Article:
This article is only available in the PDF format. Download the PDF to view the article, as well as its associated figures and tables.
To the Editor:
—The article entitled "Hidden or Unsuspected Bronchiectasis in the Asthmatic Patient" by Drs. Overholt, Walker, and Woods in the Oct. 4, 1952, issue of The Journal is misleading to the medical profession. Despite Dr. Overholt's richly deserved preeminence as a thoracic surgeon, I must take exception to his criteria for a diagnosis of bronchial asthma from both the internists' and the allergists' viewpoints.Everyone who wheezes does not have asthma and should not be so labelled. Not one of the patients reported on in this article can be termed asthmatic. Today no one calls bronchogenic carcinoma, inspissated foreign bodies, tuberculous bronchial stenosis, or left heart failure bronchial asthma yet patients with any of these conditions may wheeze and have exertional dyspnea. In the cases reported, however, Dr. Overholt makes the same erroneous diagnosis.Symptomatic bronchiectasis is rare in my experience of bronchial asthma. In the older age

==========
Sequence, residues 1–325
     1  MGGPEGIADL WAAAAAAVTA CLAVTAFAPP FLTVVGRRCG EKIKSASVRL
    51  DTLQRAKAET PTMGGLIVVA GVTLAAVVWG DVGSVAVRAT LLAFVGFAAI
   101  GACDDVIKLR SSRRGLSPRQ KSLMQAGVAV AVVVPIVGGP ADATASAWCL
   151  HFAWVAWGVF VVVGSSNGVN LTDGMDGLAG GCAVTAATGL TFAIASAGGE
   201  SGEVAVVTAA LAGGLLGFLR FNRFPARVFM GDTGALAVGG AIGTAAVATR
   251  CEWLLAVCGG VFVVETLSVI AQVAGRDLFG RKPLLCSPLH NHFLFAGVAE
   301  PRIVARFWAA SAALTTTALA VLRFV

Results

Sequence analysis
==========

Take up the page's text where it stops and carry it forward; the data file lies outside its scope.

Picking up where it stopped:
Friedman HT. BRONCHIECTASIS IN THE ASTHMATIC PATIENT. JAMA. 1952;150(15):1512. doi:10.1001/jama.1952.03680150066029
Coronavirus Resource Center
Customize your JAMA Network experience by selecting one or more topics from the list below.
Create a personal account or sign in to: